The neighborhoods hardest hit by COVID-19 also tend to be poorer than the neighborhoods with low case totals.
“These disparate COVID-19 outcomes are rooted in and exacerbated by structural inequities that have long existed in our communities,” said Tracy Delaney, founding director of the public health alliance.
Doctors who work in community health have long known that the social and economic factors woven into people’s neighborhoods — income levels, housing costs, access to nutrition and healthcare — powerfully shape health.
“I don’t think it’s a new concept, but when the numbers are so starkly placed in people’s faces about the risk of death, risk of hospitalization, risk of infection being so much higher in Black and brown communities, it just brings it that much more into the mainstream public square,” said Dr. Christian Ramers.
Ramers is the chief of population health at Family Health Centers of San Diego and has seen firsthand how communities of color have been disproportionately burdened by the pandemic.
While many people have acknowledged and been sensitive to the health disparities revealed by the pandemic, true change won’t be achieved without decisions and, at a broader level, policy shifts that work to dismantle inequity, Ramers said.
“A lot of this is just about empathy and knowing what a community has been through and knowing the historical inequities that have been there for years and knowing what it’s like to walk a mile in another person’s shoes,” he said. “That will help you craft policy that I think makes things more fair.”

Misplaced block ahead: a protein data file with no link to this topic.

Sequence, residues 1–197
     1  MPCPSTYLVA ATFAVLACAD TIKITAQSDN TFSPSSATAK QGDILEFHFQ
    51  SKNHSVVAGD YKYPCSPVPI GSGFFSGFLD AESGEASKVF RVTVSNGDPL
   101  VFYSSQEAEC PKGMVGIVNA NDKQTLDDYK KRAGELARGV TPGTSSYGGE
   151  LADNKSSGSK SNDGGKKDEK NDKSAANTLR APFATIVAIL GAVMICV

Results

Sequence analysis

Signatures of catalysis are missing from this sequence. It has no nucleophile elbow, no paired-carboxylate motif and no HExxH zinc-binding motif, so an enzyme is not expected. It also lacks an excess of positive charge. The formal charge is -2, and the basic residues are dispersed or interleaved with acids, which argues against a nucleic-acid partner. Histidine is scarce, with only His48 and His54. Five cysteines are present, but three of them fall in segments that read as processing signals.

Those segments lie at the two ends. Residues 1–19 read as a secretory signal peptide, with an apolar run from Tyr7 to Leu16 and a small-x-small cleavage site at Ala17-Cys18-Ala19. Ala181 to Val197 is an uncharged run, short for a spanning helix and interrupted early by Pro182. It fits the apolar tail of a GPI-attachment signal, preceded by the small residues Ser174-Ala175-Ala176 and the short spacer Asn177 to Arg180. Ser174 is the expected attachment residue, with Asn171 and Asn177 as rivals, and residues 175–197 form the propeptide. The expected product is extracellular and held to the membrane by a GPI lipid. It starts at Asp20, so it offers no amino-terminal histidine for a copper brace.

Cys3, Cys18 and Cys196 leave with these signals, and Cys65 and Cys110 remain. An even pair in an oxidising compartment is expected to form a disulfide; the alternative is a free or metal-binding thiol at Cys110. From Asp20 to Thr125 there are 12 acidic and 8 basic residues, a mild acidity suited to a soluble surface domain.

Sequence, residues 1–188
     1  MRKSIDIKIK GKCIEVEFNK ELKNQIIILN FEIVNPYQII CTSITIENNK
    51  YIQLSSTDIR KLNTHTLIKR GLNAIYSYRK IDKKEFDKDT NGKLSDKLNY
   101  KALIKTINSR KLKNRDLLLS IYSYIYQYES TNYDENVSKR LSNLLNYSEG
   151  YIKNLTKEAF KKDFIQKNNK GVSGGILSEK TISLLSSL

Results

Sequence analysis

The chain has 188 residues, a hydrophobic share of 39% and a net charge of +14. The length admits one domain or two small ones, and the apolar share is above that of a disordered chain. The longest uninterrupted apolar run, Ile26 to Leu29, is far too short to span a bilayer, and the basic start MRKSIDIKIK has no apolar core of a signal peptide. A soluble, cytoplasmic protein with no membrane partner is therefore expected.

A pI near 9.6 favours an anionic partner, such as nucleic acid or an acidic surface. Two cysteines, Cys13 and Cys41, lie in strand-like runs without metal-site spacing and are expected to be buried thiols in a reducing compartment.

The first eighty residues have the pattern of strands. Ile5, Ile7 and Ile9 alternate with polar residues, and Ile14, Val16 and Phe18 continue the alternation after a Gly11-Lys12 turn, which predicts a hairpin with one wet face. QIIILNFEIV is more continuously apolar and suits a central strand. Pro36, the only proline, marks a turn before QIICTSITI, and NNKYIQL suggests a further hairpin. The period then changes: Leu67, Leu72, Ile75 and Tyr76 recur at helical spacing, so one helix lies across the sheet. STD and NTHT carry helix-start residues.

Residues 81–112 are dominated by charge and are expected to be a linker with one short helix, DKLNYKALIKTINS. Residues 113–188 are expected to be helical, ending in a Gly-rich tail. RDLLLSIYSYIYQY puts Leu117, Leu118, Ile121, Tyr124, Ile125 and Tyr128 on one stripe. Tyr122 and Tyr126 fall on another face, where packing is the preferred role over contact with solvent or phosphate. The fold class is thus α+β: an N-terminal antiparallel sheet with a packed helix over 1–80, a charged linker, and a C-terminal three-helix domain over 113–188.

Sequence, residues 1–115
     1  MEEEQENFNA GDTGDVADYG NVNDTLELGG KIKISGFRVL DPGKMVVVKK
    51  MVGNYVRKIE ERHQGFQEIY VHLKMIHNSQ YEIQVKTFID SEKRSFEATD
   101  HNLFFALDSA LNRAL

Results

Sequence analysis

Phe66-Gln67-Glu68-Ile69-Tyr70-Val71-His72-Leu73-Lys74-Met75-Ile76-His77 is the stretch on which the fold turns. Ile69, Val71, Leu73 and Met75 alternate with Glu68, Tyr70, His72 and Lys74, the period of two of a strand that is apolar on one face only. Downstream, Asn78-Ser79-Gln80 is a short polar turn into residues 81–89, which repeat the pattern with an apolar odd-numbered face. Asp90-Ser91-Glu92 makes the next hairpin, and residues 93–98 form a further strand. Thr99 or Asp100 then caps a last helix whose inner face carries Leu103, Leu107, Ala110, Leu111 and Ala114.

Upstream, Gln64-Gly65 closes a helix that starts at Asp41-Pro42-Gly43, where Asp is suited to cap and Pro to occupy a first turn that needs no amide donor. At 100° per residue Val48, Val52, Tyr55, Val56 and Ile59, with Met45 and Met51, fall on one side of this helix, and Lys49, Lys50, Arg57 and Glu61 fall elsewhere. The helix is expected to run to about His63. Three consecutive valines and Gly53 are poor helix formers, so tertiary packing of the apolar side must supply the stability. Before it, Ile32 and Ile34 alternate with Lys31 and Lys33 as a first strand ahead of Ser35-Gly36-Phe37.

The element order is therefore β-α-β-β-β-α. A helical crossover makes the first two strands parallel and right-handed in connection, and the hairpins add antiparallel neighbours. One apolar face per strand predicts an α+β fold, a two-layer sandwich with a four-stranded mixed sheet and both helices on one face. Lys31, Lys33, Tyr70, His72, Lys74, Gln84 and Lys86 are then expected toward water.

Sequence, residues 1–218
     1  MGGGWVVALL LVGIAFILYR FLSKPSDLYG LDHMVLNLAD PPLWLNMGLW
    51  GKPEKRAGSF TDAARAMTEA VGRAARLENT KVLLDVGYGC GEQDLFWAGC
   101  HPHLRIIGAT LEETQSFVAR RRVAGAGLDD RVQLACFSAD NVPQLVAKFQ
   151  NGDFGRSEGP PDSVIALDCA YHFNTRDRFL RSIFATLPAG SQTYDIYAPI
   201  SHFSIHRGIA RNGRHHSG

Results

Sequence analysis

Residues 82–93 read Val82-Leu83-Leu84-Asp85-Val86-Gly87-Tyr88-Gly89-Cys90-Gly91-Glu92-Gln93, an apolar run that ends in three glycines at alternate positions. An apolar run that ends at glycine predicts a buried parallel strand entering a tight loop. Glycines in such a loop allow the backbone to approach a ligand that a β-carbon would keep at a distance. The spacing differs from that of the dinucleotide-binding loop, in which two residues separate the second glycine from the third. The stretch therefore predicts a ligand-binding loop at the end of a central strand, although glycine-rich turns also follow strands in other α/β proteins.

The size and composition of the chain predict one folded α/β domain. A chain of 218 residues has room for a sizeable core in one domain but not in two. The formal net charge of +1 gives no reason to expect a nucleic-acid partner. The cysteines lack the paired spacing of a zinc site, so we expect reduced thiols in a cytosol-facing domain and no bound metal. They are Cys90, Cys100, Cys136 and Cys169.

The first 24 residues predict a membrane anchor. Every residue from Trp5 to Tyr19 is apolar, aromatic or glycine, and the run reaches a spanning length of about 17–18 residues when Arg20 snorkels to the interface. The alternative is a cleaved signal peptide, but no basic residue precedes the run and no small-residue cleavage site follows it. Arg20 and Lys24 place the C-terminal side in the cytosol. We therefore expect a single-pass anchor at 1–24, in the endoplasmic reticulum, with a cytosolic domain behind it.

Ramers said he feels progress is being made and applauded county leaders for declaring that racism continues to be a public health crisis.
“If we can take a step forward out of this pandemic and utilize some of the techniques that make our governments more community responsive and make them more conscious of history and historical inequities, then I think we would be moving in the right direction,” he said.
George Floyd died in the street on Memorial Day after a Minneapolis police officer kneeled on the man’s neck for more than 8 minutes.
The killing was caught on video and broadcast across the world, and within hours the Black Lives Matter movement first sparked by the death of Trayvon Martin in 2012 came back with a fervor not seen in years.
Millions of protesters marched through cities and towns from coast to coast, protesting an American justice system that so regularly costs minorities their dignity and liberty and too often claims their lives.
The street protests lasted for weeks, and longer in some communities. They were overwhelmingly peaceful, although some turned violent after crowds shifted and the mood and tenor grew darker as night fell.